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Real Life "Field of Dreams" on Wake Forest Farm

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WAKE FOREST — When you buy milk, you probably don't give much thought to where it comesfrom-- just what it costs. But the industry is changing like the end of an era. Large dairies are driving smaller farmers out of business.

At Brevofield Farm, the routine starts at 4:00 a.m.

Mike Brevoort has been working on his dad's dairy farm since he was 13. Now he's 40. He gets up before the sun does every morning to hook up themilking machine. His cows produce 400 gallons everyday.

Mike laughs as he gets the black and white bovine ready to milk. "Eachone has a different personality," he says. "They're just like people."

If cows are like people, maybe they sense something is wrong. Dairyfarming just isn't the same as it was when Mike's dad, Earl, startedhis farm with his father almost 50 years ago.

Earl Brevoort says he has to be realistic. Wake County used to be thehome to 150 dairies. Now there are two. By the end of the year, theremay be none. It is a dying business.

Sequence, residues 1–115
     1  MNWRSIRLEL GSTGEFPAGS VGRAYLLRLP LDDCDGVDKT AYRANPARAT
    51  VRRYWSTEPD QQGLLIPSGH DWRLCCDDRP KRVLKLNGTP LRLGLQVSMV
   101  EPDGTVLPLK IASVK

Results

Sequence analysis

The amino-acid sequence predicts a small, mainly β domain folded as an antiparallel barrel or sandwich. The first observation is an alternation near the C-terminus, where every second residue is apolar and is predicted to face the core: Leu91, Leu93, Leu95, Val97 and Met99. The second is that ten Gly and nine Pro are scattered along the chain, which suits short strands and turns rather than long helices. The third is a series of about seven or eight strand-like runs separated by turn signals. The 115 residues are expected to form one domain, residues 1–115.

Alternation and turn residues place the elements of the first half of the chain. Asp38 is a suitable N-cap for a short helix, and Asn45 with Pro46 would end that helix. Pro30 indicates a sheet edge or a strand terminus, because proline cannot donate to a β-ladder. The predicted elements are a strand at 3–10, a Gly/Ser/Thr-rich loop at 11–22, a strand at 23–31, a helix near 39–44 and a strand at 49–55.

The reason? Stiff competition. Milk prices in the grocery store are up 12percent from last year. But dairy farmers aren't seeing that money. Theirincomes actually dropped by more than 25 percent. The dairy industry isno longer regulated by the federal government, which means giant dairiescan drive up prices while forcing dairy farmers to sell their milk atlower prices.

But at Brevofield Farms, a big change is underway. From farm ways tofairways; From heifers to hackers. Brevofield Farm is transforming intoBrevofield Golf Links.

Being an old cow pasture, these 18 holes won't be confused for AugustaNational any time soon. But the Brevoort's are working on it.

The strong point on this course right now is its greens. Earl plans tokeep draining profits to reinvest in course upkeep. The whole familyadmits there's something sad about closing a chapter on rural Wake Countyliving.

But not for long, the Brevoort's are trying a different course so theycan continue to live off the land. It won't be easy. Earl Brevoortadmits he'll miss the cows. But it's time to give up the non-profitorganization.

The Brevoorts will probably complete the transition from dairy farm togolf course full-time by the end of the year. Right now, the Brevofieldgolf links are doing well, and more people are finding them. The mottoon the scorecards says it all-- "The best kept secret in Wake County"

Bret Baier reporting